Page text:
Teach English Using Skype + 2 Useful Tools


Today we teachers have 2 ways to teach English as a second language. Teaching face to face or using Skype. They are completely different teaching styles, but what’s great is that you can benefit from both of them.


Using Skype you don’t have to leave your home and you have the opportunity to teach students from all over the world.

However, you might ask yourself: How to use Skype? Do I need to install any extras to my Skype account? And what’s the difference between teaching ESL (English as a second language) online and in the cafe one-to-one? OK, let’s have a look.

First of all, install Skype on your computer or mobile. It is free. Now you’re able to talk free to anyone who has Skype.

Don’t worry about it – that’s normal. It’s hard enough to understand foreign English words even when you have a one-to-one lesson, let alone hundreds or thousands of kilometres away.

Use the chat panel for writing down new words. Here you can also send and receive files. For example, texts for improving reading and comprehension skills. You can also send tests to assess your student’s knowledge.

The difference between teaching ESL via Skype and one-to-one is that when teaching via Skype you have to pay more attention to your work and to your student. You might have to repeat more than usual and speak slower. Remember, it’s not the same as when you sit in front of your student. This is a technology which sometimes falters.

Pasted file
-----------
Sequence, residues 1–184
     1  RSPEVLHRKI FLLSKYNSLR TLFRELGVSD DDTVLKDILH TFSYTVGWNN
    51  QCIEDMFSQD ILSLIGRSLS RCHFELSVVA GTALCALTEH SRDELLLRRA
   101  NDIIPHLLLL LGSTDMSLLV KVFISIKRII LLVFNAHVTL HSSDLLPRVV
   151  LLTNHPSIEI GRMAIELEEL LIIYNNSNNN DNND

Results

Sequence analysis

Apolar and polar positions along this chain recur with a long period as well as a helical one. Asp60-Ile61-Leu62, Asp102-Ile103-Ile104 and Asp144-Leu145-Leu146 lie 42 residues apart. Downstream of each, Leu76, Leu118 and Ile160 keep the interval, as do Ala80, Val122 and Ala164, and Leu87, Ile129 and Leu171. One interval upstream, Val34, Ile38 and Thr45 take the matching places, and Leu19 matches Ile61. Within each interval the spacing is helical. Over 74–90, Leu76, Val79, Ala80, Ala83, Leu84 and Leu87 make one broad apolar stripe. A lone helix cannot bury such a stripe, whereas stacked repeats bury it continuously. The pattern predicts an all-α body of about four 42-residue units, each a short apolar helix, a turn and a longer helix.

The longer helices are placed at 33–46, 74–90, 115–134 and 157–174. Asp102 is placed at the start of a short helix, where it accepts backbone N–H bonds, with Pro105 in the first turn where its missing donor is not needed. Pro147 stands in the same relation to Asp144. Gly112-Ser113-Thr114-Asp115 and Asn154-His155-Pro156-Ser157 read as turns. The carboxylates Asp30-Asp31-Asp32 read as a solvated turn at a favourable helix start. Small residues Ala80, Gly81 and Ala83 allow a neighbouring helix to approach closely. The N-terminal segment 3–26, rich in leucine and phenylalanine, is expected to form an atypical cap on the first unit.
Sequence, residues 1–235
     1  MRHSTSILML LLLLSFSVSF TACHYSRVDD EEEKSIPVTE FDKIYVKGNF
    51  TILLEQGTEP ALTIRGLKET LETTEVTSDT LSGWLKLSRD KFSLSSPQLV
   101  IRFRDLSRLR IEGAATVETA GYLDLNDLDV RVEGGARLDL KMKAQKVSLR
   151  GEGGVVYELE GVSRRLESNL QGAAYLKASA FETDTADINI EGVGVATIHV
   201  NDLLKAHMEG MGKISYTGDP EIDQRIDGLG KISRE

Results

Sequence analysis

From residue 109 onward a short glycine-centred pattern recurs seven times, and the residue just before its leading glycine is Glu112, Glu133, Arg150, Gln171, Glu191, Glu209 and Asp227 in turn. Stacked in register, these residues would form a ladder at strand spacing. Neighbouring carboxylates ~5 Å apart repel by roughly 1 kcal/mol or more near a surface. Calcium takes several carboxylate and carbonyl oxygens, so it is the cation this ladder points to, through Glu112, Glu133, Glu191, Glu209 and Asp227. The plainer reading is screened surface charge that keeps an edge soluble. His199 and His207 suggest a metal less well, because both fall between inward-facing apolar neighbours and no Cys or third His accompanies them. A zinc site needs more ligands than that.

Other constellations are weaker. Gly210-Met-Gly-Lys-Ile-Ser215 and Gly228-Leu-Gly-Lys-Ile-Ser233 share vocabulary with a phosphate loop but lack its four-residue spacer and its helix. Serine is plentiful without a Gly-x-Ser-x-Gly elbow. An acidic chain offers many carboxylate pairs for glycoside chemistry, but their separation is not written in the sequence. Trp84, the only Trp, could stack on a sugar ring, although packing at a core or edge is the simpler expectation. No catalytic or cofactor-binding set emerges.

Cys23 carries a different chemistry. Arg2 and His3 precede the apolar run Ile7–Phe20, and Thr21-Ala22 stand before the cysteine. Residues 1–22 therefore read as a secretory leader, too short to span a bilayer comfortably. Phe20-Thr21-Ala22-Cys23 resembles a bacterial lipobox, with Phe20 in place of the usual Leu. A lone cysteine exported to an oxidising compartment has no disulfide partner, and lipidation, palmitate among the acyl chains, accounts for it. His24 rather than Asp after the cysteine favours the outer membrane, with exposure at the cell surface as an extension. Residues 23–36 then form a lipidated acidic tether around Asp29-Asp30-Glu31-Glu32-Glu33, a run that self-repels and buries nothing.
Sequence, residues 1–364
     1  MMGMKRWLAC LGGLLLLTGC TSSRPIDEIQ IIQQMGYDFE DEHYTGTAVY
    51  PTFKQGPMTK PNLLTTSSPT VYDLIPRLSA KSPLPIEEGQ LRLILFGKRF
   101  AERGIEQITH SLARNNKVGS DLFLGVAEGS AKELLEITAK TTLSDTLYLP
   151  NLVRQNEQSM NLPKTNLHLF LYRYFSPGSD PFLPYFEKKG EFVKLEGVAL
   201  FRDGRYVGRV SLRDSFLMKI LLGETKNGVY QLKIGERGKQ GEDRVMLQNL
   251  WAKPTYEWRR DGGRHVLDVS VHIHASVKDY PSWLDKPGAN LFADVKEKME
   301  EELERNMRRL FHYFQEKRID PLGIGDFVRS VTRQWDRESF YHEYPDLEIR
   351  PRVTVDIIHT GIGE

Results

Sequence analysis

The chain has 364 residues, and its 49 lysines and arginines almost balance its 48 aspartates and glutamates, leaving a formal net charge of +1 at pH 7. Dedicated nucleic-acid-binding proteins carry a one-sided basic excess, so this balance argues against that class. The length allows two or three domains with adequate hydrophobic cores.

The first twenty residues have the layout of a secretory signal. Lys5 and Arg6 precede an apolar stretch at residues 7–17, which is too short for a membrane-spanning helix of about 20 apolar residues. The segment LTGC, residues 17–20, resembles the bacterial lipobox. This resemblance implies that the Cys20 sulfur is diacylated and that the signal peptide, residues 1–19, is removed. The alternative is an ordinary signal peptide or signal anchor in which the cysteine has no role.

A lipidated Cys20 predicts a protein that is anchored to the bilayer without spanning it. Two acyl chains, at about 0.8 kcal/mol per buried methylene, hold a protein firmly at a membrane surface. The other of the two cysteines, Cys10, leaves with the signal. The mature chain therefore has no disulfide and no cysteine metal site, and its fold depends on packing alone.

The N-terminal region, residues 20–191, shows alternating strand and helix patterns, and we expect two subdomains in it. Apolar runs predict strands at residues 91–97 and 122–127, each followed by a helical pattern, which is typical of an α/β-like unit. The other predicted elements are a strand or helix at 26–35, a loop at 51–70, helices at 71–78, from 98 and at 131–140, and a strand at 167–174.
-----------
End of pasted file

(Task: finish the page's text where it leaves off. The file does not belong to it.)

What about Skype tools? Which one can you install in your Skype account?

I tried some Skype Certified File Sharing tools which were created exactly for teachers.
First, I found “Talk and Write Tutoring Tool”.

This is an interactive whiteboard, where teachers and students can open and see the same file. You can write notes, highlight texts, and more as you were face to face.

IDroo Whiteboard for Skype

But then, 4 month later, I found, another powerful tool: IDroo
And what I like in IDroo – it’s free and easy to use.

Let’s see pluses and minuses of teaching English online.

• You teach English sitting at home
• You have the opportunity to teach any nationality (Japanese, Russians, Spanish, etc.)
• Every year there are more and more people who want to learn English online

• Sometimes Skype connection problems
• Teaching English via Skype isn’t the same as when you are with a real student.

I’d love to hear from you. Do you use Skype for teaching English? What are your experiences?

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